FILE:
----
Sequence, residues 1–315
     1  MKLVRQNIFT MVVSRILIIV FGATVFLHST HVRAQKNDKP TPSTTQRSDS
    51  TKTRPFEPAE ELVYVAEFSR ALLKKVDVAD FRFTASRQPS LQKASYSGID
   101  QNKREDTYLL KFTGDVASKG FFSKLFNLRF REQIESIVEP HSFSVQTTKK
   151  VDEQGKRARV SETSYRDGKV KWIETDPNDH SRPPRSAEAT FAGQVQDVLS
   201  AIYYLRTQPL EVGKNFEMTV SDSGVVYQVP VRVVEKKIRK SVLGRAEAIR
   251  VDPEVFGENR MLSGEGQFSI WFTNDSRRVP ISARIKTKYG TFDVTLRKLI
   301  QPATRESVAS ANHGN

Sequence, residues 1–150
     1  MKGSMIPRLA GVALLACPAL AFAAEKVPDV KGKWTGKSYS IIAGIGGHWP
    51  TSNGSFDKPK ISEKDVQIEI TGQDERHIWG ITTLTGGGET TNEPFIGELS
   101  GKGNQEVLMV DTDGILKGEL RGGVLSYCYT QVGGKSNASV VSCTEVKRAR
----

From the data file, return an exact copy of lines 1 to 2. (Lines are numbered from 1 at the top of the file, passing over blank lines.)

Sequence, residues 1–315
     1  MKLVRQNIFT MVVSRILIIV FGATVFLHST HVRAQKNDKP TPSTTQRSDS